I was at Emory University Hospital for my checkup last year and a few moments before had been “strapped” to the Electrocardiogram, also known as the EKG machine. Really, it is called the ECG… EKG is from the original German name, which isn’t used that much anymore.
And they don’t actually use straps to hold the electrodes on you anymore. They did, in the 1970’s… I’ve been EKG’ed with sticky pads, straps, and for a while they attached the electrodes with little red suction cups. Those didn’t work out so well: they would often release from your skin with a “pop!” and when they came off in the middle of the test, the test was stopped and they had to start over from the beginning. A friend of mine commented that when they used the suction cups you always looked as if you were covered in hickeys, but hadn’t been kissing anybody!
So I was getting my EKG done at Emory when the doctor stuck his head in just to say hi, and we were carrying on a conversation. The person who is being scanned is supposed to be still, and here I was talking with the doctor. Finally the EKG Tech rolled her eyes and said “Ya’ll Hush!”
We hushed! Both the Cardiologist and I looked a little embarrassed. I started to mumble an apology but I got THE LOOK from the tech. I always thought that only your momma or your girlfriend/wife could give you The Look.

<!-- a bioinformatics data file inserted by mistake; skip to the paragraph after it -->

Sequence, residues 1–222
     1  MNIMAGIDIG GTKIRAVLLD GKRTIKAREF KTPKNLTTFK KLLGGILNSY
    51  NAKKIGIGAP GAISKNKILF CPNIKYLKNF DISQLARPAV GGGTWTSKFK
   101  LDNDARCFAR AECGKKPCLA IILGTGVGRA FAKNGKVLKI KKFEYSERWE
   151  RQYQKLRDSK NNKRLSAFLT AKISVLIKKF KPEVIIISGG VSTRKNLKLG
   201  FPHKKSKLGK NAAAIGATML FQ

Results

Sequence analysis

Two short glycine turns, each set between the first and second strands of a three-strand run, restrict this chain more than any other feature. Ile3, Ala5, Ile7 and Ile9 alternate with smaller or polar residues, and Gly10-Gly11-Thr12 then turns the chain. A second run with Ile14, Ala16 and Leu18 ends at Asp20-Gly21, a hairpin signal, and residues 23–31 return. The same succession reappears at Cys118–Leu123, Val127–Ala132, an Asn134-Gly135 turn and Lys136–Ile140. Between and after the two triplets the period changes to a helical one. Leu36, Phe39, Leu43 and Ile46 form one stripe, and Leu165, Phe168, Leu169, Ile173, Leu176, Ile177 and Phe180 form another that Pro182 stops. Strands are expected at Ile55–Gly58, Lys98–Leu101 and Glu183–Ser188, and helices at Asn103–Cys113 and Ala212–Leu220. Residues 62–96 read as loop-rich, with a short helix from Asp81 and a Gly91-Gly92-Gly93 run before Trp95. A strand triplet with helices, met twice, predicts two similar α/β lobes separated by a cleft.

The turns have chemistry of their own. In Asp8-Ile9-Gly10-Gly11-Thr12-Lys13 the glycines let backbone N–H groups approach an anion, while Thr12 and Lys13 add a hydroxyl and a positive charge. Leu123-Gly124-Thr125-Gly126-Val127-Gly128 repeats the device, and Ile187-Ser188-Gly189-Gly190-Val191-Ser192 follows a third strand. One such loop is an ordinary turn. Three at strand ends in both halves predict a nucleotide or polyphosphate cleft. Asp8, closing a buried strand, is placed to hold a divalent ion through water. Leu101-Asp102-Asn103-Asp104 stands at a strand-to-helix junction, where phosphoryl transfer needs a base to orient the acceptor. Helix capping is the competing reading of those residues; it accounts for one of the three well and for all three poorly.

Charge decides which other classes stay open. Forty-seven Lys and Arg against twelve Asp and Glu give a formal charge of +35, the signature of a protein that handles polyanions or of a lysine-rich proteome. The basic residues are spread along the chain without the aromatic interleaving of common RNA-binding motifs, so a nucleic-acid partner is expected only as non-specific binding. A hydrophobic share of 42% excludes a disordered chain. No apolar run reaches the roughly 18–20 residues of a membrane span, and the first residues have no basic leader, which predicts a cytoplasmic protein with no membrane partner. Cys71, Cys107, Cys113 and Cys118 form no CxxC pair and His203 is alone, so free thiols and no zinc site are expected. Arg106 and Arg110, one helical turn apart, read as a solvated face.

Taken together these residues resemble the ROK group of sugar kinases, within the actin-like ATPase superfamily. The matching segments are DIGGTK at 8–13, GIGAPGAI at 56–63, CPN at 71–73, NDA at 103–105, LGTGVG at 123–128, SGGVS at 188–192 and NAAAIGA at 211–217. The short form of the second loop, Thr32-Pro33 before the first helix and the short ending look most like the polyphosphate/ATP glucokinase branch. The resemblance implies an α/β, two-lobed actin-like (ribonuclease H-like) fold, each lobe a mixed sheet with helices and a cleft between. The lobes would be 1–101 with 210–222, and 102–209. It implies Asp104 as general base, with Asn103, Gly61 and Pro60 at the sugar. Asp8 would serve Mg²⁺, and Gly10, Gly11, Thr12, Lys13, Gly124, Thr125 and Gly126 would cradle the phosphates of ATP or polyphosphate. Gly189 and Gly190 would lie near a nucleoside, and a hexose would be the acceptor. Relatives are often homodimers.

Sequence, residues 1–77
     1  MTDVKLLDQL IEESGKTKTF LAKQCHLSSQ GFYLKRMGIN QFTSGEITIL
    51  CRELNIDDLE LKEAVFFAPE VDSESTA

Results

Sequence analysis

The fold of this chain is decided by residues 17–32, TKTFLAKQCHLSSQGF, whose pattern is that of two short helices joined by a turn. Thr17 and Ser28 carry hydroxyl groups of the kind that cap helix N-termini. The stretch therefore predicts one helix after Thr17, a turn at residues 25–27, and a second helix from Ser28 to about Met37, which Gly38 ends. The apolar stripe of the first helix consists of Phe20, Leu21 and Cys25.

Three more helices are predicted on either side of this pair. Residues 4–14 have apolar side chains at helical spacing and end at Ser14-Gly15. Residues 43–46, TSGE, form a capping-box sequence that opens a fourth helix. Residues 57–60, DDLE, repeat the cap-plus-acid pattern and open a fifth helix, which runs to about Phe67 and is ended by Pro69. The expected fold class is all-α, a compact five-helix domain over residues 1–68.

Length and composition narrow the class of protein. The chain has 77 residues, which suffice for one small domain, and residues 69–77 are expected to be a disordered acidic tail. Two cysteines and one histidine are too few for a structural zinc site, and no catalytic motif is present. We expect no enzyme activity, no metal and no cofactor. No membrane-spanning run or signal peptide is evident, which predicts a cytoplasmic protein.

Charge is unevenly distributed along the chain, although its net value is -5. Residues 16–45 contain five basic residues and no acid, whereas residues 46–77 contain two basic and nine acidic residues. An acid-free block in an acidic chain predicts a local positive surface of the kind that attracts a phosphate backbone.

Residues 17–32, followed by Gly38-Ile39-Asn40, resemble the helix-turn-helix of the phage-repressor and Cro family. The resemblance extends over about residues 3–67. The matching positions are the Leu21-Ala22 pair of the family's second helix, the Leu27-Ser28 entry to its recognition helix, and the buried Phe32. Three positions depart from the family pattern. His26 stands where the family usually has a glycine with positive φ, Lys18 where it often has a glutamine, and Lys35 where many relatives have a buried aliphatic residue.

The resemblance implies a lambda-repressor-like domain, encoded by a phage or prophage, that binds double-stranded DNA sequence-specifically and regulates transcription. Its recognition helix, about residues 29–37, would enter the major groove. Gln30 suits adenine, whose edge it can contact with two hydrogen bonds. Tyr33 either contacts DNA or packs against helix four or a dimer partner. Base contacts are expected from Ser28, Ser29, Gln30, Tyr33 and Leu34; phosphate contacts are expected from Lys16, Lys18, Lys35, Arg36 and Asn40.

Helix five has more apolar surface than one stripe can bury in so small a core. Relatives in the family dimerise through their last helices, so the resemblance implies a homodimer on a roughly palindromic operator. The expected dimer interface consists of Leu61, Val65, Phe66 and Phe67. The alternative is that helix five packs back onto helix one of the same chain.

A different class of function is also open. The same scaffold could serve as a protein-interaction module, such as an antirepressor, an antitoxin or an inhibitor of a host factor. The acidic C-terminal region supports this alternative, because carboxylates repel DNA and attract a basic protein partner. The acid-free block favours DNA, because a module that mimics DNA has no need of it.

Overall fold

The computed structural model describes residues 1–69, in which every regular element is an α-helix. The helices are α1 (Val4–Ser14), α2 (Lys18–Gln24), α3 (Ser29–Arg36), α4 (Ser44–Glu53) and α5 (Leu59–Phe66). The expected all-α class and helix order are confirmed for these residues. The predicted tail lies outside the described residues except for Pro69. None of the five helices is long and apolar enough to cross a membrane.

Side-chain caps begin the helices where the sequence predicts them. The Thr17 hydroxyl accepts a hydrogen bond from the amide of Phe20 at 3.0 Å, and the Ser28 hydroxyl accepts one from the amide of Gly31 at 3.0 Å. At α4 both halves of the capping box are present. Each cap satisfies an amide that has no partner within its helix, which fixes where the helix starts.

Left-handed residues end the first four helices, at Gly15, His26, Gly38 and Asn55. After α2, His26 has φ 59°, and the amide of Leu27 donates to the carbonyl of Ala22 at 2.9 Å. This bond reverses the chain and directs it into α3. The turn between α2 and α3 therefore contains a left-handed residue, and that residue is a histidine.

You are supposed to be still and quiet when they do an EKG test on you, so you don’t affect the results of the test. Back in the mid 1960’s when I was born, there were a few other rules, too. You had to be quiet and not move; no one could touch you because the technology was still pretty fragile – touching the patient was thought to affect the test. And the EKG machines of the time were so slow that a test took about an hour. Following those guidelines – be still, be quiet, don’t touch the patient, the test will take about an hour – let’s see you give a baby an EKG.
From what I have been told, doing an EKG on a baby could make a group of highly competent doctors look like the Keystone Kops. But someone at my local community hospital had figured it out, and gave my parents the best advice on how to make sure I was able to undergo the EKG: Don’t feed me.
He told my parents not to feed me that day, or if I had an afternoon appointment, feed me just a little in the morning. Then when it was time to do the EKG, hold my bottle just above my head and then feed me. As predicted, I was much too interested in food to think about moving around! And by standing beside the table and holding the bottle above my head, no one was breaking the “don’t touch” rule.
When you think of “Advances in Medicine”, you often think of new drugs, new surgeries, new technology. Big inventions that get your name in medical journals. But even little ideas – like how to give a baby an EKG exam, for example – help too!